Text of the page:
Also, I have appreciated the good fun in kicking Jackass Marshall’s know-nothing behind over at Ethics Alarms. Dude actually threatened to report my supposed unethical behavior to the bar. Luckily, no bar association gives a shit what he thinks.
Yeah, I almost peed laughing at that! Raging in his impotence.
If there’s some kind of conspiracy to turn the nation’s prisons over to private interests, they’re most certainly not competent in their efforts to achieve that goal.
Corrections Corporation of America, down 82.72% from its all time high.
When it comes to this issue people that are against it make as much sense as Jack Murphy, and make him look like someone who cares about factual evidence.
?..and, so basicly, it’s okay?
The security state is the last bubble. Where will Delbert work in Anustown, USA if the prison closes? Apologies to Ayn Rand but you may know your society is doomed when stocks of private prisons are briskly bought and sold.
apologies to weimar wheelbarrow ,but you know your portfolio is doomed when the markets are rigged. i’m sure delbert will find a job at the wheelbarow factory. oh yeah. it’s in china.
A disgusting manifestation of the prison-industrial complex at work. Obviously our society doesn’t truly care about treating the causes of crime or of drug addiction. Why put people in heroin rehabs when we can just turn addicts into cost-free slave labor for the corporations to exploit and use to prop up the lucrative incarceration industry?
This gives me an idea for a sitcom: Happy couple finds out they’re about to have a baby. Hilarity ensues when they can’t stop arguing about which prison they hope it will get into.
I’ve stirred a huge hornets nest up over here: http://newsbusters.org/blogs/matt-hadro/2012/02/13/arianna-huffington-drug-war-war-our-own-people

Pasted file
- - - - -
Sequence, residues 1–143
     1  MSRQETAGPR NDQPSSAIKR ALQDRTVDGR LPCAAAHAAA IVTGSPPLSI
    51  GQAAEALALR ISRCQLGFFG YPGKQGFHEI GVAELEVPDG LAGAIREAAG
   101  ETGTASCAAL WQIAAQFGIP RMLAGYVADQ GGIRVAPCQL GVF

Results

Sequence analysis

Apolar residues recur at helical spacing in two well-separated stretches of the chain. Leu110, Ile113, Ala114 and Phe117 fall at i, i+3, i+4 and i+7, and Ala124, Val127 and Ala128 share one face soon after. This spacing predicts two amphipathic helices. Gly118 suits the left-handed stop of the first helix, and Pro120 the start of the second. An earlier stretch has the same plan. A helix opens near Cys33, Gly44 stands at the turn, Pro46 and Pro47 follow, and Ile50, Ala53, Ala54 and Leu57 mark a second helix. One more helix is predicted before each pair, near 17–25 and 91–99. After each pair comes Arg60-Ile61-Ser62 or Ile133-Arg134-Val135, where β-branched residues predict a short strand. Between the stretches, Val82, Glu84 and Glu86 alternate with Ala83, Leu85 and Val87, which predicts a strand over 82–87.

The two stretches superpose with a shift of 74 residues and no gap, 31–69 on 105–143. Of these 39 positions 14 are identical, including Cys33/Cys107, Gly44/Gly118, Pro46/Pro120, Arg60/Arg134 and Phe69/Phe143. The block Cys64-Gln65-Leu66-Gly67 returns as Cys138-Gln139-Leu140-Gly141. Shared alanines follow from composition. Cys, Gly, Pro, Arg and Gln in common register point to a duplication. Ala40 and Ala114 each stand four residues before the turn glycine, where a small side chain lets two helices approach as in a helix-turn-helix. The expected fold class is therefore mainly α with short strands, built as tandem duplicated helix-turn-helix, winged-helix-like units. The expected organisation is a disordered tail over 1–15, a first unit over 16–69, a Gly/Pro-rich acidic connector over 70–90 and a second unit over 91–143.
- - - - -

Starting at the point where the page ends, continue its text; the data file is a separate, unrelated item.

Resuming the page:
Enjoy finishing them off!
I don’t think there’s a point thereMalc. Den of facists and racists. Besdes, I’m tethered to a three year old all day, can’t really engage….
It’s cool DC; I know how busy you are. – I just thought it may be a fun to watch.
I’m a glutton for a challenge, and besides, it’s no good preaching to the choir.
And I possibly would never have got around to it but, as a rebuttal to one of those brain-dead dolts, I just spent 5 hours of solid research to come up with the following boiler-plate: (I’ve removed most of the links to avoid Pete’s spam filter)
Prescription drugs kill some 200,000 Americans every year.
“An estimated 770,000 people are injured or die each year in hospitals from adverse drug events (ADEs),4 defined as an injury resulting from medical intervention related to a drug. Not all, but many, IF NOT MOST, of these adverse drug events are preventable.”
* The number of deaths from drug poisonings in the U.S. has increased sixfold since 1980.
* In 2008, more than 41,000 people in the U.S. died from intentional and accidental poisonings – Nine out of 10 were due to drugs. These deaths exceeded the number of deaths from automobile accidents making poisoning the leading cause of injury death. (CDCâ€™s National Center for Health Statistics 1980 to 2008)